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Training and work practices.

Wheeler RN
Symposium proceedings: control technology in the plastics and resins industry. Cincinnati, OH: U.S. Department of Health and Human Services, Public Health Service, Centers for Disease Control, National Institute for Occupational Safety and Health, DHHS (NIOSH) Publication No. 81-107, 1981 Jan; :173-177
Training and work practices as the keys to an effective safety program were discussed using the Union Carbide Corporation, South Charleston, West Virginia, as the model. Union Carbide Corporation (UCC) policy included a commitment to providing necessary technical and financial resources, expectation of supervisor and employee commitment to safe work practices, and expectation of cooperation with governmental regulatory bodies. Personnel training was structured as a systematic program involving daily assignments with specific hands on training and assigned tasks and frequent progress testing. The program basis included job analysis, training development, identification of competence requirements, performance orientation, and objective progress evaluation. Training programs for chemical operators within UCC's chemical and plastics division were assessed for common characteristics. Each program had two basic parts. Part one was general training including instruction generally applicable throughout the facility such as safety rules and familiarization with equipment and operation. Part two was on/site job instruction including specific departmental safety rules. The training program at the West Virginia facility was used as the example. Part one encompassed 2 days, and part two was a 1 week classroom course that covered 17 safety related subjects. Included in part two were layout, operations improvement, safety rules, protective equipment, emergency procedures, first minute first aid, safe lifting, and principles of accident control. The 1 week course was followed by a 3 week classroom program that was more work related and specific to job operations. New chemical operators were then placed on probation for 120 days, receiving training in specialized operations and equipment and completing reactive chemicals training. The author concludes that the most effective safety control device for the chemicals and plastics industry is a well trained and motivated work force.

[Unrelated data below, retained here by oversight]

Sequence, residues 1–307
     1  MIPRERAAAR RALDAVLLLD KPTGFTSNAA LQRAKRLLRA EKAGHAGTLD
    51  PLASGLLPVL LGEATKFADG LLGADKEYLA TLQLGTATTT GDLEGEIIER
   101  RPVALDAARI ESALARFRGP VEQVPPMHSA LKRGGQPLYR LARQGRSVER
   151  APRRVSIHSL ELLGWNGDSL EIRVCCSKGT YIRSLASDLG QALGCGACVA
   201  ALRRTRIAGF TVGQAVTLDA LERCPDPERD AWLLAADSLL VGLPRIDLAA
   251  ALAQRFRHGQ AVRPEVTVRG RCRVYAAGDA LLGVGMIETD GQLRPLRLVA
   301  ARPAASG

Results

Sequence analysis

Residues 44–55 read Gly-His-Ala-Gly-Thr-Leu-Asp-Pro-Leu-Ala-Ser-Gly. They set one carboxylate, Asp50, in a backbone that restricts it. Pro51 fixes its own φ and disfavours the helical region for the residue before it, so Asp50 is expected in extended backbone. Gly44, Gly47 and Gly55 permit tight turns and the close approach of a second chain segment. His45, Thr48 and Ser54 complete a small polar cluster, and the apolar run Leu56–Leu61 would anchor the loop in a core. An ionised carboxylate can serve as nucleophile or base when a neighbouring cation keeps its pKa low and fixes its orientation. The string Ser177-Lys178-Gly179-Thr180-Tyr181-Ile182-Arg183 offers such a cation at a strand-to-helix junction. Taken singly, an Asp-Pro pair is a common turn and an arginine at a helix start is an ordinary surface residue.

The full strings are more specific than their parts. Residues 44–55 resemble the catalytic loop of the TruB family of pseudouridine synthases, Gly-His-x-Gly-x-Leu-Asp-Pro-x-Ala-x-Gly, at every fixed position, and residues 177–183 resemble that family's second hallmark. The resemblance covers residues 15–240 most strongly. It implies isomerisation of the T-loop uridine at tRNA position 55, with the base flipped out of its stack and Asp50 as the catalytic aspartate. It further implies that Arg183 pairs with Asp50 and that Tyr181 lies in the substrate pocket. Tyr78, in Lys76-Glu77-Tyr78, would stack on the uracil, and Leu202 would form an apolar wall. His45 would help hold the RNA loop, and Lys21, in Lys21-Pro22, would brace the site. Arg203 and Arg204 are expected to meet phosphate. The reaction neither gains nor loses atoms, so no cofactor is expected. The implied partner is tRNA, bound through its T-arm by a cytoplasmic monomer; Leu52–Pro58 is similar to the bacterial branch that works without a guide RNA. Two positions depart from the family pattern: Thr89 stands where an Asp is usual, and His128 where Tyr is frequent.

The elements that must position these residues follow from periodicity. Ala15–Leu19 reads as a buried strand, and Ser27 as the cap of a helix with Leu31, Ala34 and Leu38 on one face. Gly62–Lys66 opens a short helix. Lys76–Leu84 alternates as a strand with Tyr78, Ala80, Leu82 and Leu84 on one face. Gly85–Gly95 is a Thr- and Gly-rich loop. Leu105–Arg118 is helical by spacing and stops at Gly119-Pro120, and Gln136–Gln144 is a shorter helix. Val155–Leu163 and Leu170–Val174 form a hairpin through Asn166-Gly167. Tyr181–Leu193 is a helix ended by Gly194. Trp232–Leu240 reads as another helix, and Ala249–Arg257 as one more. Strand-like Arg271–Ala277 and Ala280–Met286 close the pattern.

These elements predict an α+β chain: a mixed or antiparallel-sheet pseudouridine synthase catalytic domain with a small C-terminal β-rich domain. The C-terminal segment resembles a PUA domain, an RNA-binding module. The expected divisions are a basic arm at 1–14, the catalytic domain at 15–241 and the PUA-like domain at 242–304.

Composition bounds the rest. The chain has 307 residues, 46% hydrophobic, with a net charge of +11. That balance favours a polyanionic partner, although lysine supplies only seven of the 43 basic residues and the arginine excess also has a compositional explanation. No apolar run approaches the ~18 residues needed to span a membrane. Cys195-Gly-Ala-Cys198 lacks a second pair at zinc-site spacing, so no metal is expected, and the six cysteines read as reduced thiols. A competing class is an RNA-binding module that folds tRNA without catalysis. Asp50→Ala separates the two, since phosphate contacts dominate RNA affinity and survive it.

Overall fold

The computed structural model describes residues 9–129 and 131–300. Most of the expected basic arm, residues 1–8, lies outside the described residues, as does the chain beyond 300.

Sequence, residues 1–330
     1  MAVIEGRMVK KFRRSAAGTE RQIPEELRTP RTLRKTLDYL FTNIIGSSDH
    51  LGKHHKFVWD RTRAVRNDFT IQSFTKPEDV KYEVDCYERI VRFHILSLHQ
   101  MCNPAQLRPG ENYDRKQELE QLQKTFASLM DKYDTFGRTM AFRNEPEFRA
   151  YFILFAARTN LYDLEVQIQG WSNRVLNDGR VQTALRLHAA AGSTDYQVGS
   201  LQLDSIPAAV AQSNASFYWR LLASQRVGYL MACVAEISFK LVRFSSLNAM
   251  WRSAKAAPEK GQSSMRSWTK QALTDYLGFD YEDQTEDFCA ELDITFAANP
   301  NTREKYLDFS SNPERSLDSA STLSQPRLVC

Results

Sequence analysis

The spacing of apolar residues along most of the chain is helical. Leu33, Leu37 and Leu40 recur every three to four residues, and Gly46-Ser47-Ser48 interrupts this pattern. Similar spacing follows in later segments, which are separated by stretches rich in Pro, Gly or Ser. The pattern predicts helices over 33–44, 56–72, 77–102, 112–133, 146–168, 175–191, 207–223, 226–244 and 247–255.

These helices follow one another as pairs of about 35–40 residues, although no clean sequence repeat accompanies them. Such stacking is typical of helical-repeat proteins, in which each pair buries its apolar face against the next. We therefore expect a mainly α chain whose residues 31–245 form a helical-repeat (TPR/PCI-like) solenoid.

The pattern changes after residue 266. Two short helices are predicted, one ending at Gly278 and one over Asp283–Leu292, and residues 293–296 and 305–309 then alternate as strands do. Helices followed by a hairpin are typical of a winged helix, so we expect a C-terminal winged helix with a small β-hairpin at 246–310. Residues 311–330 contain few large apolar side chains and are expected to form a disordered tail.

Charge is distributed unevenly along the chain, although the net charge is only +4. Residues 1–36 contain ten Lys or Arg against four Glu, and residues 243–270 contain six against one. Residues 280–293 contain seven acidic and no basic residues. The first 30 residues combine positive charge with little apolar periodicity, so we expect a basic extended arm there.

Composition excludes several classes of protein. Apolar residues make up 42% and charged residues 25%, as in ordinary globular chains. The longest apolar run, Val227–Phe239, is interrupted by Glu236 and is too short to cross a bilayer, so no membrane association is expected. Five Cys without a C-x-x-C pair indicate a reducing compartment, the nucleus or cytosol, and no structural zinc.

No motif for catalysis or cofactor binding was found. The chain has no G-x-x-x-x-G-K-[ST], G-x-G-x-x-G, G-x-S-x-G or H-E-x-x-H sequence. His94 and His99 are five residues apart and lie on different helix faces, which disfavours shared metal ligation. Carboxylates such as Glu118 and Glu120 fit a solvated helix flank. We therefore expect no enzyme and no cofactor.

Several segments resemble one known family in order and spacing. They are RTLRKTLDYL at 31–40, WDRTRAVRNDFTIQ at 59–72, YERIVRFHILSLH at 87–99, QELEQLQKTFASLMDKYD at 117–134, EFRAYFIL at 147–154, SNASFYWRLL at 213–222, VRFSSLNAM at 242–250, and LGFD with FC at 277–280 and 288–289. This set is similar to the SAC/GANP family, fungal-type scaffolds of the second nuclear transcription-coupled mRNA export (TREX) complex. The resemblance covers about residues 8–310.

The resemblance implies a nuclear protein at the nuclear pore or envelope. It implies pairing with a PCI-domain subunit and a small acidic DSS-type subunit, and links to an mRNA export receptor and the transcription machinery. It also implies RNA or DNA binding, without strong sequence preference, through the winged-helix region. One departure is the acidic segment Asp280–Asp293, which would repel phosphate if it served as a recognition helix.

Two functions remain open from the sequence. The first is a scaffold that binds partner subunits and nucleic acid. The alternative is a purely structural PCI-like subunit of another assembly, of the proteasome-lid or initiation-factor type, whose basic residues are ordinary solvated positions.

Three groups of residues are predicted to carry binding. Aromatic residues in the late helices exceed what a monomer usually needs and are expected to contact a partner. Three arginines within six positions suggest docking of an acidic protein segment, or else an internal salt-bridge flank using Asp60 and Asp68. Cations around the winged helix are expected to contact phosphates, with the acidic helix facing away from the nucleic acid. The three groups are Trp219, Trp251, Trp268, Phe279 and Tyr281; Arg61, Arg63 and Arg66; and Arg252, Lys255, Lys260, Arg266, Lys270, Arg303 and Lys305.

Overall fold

Occupational-health-programs; Regulations; Industrial-safety-programs; Worker-health; Workplace-studies; Work-practices; Industrial-hazards; Occupational-exposure; Safety-monitoring; Industrial-education; Safety-education
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Symposium proceedings: control technology in the plastics and resins industry
Page last reviewed: September 2, 2020
Content source: National Institute for Occupational Safety and Health Education and Information Division